In your case, the likelihood is binomial. If the prior and the posterior distribution are in the

same family,the prior and posterior are calledconjugatedistributions. The beta distribution is a conjugate prior because the posterior is also a beta distribution. We say that the beta distribution is the conjugate family for the binomial likelihood. Conjugate analyses are convenient but rarely occur in real-world problems. In most cases, the posterior distribution has to be found numerically via MCMC (using Stan, WinBUGS, OpenBUGS, JAGS, PyMC or some other program).If the prior probability distribution does not integrate to 1, it is called an

improperprior, if it does integrate to 1 it is called aproperprior. In most cases, an improper prior does not pose a major problem for Bayesian analyses. The posterior distributionmustbe proper though, i.e. the posterior must integrate to 1.These rules of thumb follow directly from the nature of the Bayesian analysis procedure:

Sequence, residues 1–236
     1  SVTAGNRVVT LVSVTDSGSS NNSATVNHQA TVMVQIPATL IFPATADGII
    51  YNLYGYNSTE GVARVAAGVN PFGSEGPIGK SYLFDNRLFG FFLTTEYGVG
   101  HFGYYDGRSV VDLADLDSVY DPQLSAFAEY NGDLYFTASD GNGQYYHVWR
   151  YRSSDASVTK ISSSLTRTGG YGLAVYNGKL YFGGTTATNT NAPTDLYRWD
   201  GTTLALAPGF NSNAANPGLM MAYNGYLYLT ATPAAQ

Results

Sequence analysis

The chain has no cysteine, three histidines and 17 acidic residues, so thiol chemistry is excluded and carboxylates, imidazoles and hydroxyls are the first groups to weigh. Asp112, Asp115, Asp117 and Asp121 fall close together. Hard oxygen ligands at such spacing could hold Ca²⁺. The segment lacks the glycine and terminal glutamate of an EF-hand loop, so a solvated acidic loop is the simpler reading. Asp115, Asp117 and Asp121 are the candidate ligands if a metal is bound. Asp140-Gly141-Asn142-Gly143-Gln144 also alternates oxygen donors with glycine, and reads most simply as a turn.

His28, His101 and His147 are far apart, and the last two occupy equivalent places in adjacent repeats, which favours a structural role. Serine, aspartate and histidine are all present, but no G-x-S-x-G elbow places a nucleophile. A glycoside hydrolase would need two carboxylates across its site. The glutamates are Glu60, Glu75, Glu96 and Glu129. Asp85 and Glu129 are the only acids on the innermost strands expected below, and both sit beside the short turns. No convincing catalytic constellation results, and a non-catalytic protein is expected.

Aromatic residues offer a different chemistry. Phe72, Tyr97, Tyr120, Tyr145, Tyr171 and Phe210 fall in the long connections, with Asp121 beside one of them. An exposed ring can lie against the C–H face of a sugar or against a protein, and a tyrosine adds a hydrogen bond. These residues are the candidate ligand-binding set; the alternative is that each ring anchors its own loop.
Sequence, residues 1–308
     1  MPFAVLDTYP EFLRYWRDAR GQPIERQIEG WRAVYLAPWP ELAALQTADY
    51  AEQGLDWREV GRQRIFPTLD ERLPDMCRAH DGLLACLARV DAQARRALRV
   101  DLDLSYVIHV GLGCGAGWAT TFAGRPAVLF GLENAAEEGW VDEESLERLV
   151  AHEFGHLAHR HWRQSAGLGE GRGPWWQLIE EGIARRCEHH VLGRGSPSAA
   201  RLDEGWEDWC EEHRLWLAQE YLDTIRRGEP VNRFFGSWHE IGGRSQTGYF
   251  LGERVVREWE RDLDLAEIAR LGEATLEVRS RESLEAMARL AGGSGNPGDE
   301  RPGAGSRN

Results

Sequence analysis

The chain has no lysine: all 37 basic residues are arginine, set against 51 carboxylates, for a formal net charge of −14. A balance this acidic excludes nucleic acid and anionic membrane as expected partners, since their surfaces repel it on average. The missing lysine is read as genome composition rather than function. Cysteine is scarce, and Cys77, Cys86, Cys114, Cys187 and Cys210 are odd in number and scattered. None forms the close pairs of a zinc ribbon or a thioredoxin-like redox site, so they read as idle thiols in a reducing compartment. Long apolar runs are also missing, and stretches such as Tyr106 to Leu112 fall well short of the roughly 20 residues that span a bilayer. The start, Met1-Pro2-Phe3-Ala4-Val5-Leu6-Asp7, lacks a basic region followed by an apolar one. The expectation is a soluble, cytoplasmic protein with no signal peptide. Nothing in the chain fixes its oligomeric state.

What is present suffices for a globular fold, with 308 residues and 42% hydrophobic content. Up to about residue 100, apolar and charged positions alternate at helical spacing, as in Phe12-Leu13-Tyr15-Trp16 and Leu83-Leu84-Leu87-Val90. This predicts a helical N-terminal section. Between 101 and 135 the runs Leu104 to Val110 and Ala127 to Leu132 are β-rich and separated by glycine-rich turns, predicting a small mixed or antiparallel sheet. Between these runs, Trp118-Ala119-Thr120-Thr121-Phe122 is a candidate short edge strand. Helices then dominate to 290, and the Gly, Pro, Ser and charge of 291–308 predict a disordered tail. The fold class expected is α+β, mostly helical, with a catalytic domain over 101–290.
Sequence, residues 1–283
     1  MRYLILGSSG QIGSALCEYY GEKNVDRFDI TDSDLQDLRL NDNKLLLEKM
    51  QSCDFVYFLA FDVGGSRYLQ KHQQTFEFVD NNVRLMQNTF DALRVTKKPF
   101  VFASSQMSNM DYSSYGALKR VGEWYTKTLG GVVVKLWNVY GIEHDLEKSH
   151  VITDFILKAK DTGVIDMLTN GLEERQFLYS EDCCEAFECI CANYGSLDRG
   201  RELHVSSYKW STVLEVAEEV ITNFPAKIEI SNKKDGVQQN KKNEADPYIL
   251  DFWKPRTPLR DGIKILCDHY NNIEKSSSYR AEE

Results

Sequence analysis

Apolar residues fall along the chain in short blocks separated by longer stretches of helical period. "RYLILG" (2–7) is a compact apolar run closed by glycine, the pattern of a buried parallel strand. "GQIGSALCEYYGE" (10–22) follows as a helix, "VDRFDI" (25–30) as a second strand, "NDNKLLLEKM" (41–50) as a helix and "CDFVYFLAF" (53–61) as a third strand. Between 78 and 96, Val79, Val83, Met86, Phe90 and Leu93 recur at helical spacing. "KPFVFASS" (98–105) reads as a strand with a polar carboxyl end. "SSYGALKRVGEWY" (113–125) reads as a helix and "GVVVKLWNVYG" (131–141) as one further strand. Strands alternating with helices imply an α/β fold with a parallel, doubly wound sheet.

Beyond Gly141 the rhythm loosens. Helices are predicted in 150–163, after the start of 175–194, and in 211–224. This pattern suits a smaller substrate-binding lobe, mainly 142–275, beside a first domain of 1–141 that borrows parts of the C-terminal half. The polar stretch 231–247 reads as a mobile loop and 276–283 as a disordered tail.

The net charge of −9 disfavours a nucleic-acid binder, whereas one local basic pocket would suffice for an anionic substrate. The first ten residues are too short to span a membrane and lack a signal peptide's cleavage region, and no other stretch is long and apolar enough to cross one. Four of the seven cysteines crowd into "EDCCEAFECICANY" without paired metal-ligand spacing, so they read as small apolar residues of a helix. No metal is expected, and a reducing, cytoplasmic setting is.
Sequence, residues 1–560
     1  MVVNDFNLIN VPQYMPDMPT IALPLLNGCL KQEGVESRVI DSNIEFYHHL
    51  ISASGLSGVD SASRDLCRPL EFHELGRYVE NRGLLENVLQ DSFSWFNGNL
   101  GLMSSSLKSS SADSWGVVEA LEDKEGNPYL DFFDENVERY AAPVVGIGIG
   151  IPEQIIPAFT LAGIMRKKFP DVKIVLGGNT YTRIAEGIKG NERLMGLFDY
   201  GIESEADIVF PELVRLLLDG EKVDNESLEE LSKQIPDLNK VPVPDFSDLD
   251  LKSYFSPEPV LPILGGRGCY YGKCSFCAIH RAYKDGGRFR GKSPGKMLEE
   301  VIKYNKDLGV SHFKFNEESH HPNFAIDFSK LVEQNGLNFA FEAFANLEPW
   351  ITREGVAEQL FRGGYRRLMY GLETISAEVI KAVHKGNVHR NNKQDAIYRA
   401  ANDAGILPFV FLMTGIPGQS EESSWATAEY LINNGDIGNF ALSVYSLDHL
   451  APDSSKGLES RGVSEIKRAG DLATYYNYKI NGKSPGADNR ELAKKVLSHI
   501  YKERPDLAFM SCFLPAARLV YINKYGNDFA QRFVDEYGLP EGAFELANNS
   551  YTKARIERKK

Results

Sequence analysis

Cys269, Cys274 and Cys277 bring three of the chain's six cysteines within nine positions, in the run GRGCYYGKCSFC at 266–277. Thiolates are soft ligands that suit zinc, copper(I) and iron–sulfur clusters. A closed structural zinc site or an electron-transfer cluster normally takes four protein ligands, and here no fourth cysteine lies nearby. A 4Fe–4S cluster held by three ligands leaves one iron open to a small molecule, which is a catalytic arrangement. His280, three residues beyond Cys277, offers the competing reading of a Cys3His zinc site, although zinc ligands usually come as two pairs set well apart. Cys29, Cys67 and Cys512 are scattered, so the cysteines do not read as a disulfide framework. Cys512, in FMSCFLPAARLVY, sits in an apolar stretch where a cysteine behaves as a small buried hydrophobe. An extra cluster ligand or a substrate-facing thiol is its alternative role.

An excellent overview of some possible "informative" and "uninformative" priors for the beta distribution can be found in this post.

Say your prior beta is $\mathrm{Beta}(\pi_{LH}| \alpha, \beta)$ where $\pi_{LH}$ is the proportion of left-handers. To specify the prior parameters $\alpha$ and $\beta$, it is useful to know the mean and variance of the beta distribution (for example, if you want your prior to have a certain mean and variance). The mean is $\bar{\pi}_{LH}=\alpha/(\alpha + \beta)$. Thus, whenever $\alpha =\beta$, the mean is $0.5$. The variance of the beta distribution is $\frac{\alpha\beta}{(\alpha + \beta)^{2}(\alpha + \beta + 1)}$. Now, the convenient thing is that you can think of $\alpha$ and $\beta$ as previously observed (pseudo-)data, namely $\alpha$ left-handers and $\beta$ right-handers out of a (pseudo-)sample of size $n_{eq}=\alpha + \beta$. The $\mathrm{Beta}(\pi_{LH} |\alpha=1, \beta=1)$ distribution is the uniform (all values of $\pi_{LH}$ are equally probable) and is the equivalent of having observed two people out of which one is left-handed and one is right-handed.